Tag Archives: eco-art

Wetlands in Murals

When I came across a press release for the newly-revealed Oaks Bottom Preserve Wetlands mural in Portland, Oregon, I started to think about wetlands and murals throughout history.

Murals are among the oldest art forms, dating back to prehistoric cave paintings and ancient hieroglyphs. Ancient Egyptians depicted images of life on the Nile, which included fishing, mingling with crocodiles, harvesting papyrus, rice and waterfowl, as seen in relief murals at Mastaba of Ptahhotep. Murals of ancient Rome, Greece, India, Mesopotamia date back 30,000 years. North American native art, also called rock painting, or petroglyphs, may have recorded spiritual rites or personal experiences, such as salmon fishing. For example, see Eel River petroglyphs (California State Parks): http://www.parks.ca.gov/?page_id=23165

During the Great Depression, the federal government commissioned artists to paint murals in public places such as post offices and libraries as a way of improving morale as part of the Works Progress Administration (WPA); images of working waterfronts or loggers, for example, were meant to inspire people to go back to work in the 1930s. At the post office in Kennebunkport, Maine, for example, artist Elizabeth Tracey painted a mural of nude women bathing at a beach in 1941; another Maine artist, Mildred G. Burrage, among other Maine residents, protested and had the mural removed. It was painted over replaced in 1944 with a mural of the waterfronthttp://www.wpamurals.com/Kennebun.htm In Wisconsin, James Watrous painted the “Lumberjack Fight on the Flambeau River” (1938)http://www.wpamurals.com/parkfall.htm At the Grants Pass, Oregon Post Office, two murals depicted life along the Rogue River (1938)http://www.wpamurals.com/GrantsPs.htm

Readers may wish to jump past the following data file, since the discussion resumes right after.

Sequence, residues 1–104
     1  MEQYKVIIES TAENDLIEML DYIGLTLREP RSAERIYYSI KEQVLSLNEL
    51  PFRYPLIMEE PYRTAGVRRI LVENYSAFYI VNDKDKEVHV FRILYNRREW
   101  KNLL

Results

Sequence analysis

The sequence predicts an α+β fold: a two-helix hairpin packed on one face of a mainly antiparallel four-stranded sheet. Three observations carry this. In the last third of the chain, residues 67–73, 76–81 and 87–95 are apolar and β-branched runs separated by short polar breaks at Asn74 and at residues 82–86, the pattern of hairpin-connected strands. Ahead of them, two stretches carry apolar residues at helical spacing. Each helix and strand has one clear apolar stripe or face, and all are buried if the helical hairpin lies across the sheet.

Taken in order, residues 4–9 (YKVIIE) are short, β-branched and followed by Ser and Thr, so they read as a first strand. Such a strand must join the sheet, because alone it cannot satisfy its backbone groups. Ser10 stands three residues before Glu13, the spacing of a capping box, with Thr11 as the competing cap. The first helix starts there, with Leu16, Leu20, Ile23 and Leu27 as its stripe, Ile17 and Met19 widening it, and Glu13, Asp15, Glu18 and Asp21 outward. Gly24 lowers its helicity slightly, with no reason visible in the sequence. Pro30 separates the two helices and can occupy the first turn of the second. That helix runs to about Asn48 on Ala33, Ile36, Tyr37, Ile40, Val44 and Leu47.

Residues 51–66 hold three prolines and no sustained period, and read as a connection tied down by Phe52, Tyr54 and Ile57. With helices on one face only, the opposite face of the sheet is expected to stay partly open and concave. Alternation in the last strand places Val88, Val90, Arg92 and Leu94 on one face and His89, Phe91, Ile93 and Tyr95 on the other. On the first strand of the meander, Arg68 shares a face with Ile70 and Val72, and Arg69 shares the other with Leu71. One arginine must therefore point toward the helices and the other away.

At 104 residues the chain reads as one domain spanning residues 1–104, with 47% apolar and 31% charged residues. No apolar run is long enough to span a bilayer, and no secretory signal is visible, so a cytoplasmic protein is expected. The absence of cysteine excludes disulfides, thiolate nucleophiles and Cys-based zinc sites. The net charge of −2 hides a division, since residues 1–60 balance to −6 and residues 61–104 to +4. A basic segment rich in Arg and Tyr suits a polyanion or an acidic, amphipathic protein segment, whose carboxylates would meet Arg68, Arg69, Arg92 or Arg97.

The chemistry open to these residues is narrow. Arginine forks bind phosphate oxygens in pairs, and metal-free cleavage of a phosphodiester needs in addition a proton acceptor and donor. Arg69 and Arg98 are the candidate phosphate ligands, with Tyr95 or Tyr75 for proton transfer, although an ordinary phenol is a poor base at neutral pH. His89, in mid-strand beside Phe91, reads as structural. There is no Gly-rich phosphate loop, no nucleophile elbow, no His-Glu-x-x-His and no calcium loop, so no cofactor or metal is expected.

Flash forward to murals of today, graffiti art on buildings in urban areas has been used by artists to promote certain ideas—political, local, social, propaganda. Murals in aquariums are often used to illustrate and educate visitors about marine, estuarine and other kinds of wetland habitats. In recent years elementary, middle and high schools have begun to encourage students to participate in painting murals in order to teach kids about wetlands and the environment. For example, Tulane University art students painted a wetland mural at an elementary school in Louisiana:http://tulane.edu/news/newwave/032609_mural.cfm These kids asked for it!

The Oaks Bottom Preserve Wetlands mural, a project of the Urban Greenspaces Institute, spans 50,000 square feet of the mausoleum’s west and south facing walls, making it the largest hand painted building mural in the U. S.. It was created by father/son team Mark and Shane Bennett in collaboration with local fine artist Dan Cohen. To see a time lapse video of the mural go to the Urban Greenspaces Institue website: http://www.urbangreenspaces.org/

Many artists throughout the world are commissioned to paint murals for private homes and art museums. Florida artist Sandra L. Priest (aka San) paints murals on many themes, with many that have an underwater, botanical and wetland motif, including Sandhill cranes:http://www.artbysan.com/murals/murals_
 Sandy Litchfield’s wetland-themed wall installations can be seen here: http://www.sandylitchfield.com/  Massachusetts-based Barbara Harmon paints saltmarsh-themed murals and recently did work for the Apalachicola National Estuarine Research Reserve Visitor Center in Florida: http://www.harmon-murals.blogspot.com/ The Smithsonian also has several permanent wetland exhibitions with murals.http://www.si.edu/